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Access reviews on competition law and policy in Latin American countries conducted by the IDB and the OECD. Countries covered are Argentina, Brazil, Chile, Colombia, El Salvador, Honduras, Mexico, Panama and Peru.
The Global Forum on Transparency and Exchange of Information for Tax Purposes has released peer review reports assessing the tax systems of 13 jurisdictions for information exchange.
Start-ups are gaining momentum in Latin America's innovation strategies. Start-up Latin America: Promoting Innovation in the Region analyses the role of policies in promoting the creation and expansion of start-ups. It provides a comparative snapshot of recent initiatives in six countries in the region to identify good practices and foster knowledge sharing to improve innovation policy design and implementation.
This publication assesses the impact of previous competition law and policy reviews in nine Latin American countries: Argentina, Brazil, Chile, Colombia, El Salvador, Honduras, Mexico, Panama and Peru. This report was discussed during the 2012 annual meeting of the OECD-IDB Latin American Competition Forum held in the Dominican Republic.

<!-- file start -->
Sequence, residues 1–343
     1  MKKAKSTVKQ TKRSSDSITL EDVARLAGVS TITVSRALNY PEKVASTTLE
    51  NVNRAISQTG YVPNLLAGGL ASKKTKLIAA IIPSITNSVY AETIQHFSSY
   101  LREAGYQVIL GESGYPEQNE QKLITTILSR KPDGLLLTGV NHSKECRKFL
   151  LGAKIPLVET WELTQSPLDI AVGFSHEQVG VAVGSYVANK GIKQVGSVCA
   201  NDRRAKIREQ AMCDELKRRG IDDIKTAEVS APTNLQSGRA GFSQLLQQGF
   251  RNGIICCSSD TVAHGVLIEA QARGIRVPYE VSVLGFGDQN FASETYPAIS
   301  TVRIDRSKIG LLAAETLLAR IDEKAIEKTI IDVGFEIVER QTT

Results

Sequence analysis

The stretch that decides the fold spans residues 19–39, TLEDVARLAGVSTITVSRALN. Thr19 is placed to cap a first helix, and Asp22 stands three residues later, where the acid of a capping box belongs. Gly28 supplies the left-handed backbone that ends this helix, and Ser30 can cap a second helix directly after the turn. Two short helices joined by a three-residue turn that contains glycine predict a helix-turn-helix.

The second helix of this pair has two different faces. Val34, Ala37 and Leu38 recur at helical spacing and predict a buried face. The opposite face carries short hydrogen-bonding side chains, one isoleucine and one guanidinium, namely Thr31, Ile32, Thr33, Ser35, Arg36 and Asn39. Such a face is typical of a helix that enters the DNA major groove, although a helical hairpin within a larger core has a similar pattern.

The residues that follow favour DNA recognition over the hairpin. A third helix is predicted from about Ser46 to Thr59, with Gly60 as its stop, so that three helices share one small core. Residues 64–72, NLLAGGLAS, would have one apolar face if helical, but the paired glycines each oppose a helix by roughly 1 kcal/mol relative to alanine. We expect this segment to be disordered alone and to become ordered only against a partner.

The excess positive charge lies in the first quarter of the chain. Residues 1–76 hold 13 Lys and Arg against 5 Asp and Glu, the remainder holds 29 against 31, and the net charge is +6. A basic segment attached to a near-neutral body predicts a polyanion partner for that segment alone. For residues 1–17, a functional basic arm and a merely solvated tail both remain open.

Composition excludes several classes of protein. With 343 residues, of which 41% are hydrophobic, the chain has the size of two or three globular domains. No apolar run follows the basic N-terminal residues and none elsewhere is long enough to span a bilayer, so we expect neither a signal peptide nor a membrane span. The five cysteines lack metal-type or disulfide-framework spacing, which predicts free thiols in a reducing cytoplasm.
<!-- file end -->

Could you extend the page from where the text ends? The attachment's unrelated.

Street protests are back on the global political scene. Do these movements reflect a frustrated middle class who feel the chill of the global economic crisis? Or are there more profound shifts at play?
Education at a Glance 2013 - Country notes and key fact tables
Access the full database of consumer opinion and business tendency indicators for all sectors of the economy covering OECD countries, China, Brazil, Indonesia, India, South Africa and Russia. The series are updated continuously.
This report provides a detailed diagnosis of the youth labour market and education system in Brazil. It takes an international comparative perspective, offering policy options to help improve school-to-work transitions. It also provides an opportunity for other countries to learn from the innovative measures that Brazil has taken to strengthen the skills of youth and their employment outcomes.
Brazil’s labour leaders have long argued against pursuing economic growth for its own sake. What matters most, they believe, is not the size of the economic pie but how it’s carved up. In recent years, calls for social justice have increasingly informed policy in Brazil, bringing about a veritable “revolution” in the economy.
Brazil’s economic growth has been supported in recent years by important government investment and social programmes that mobilise resources across the country. These programmes could help Brazil to meet its goals of sustaining economic growth and fostering social development, while reducing regional disparities.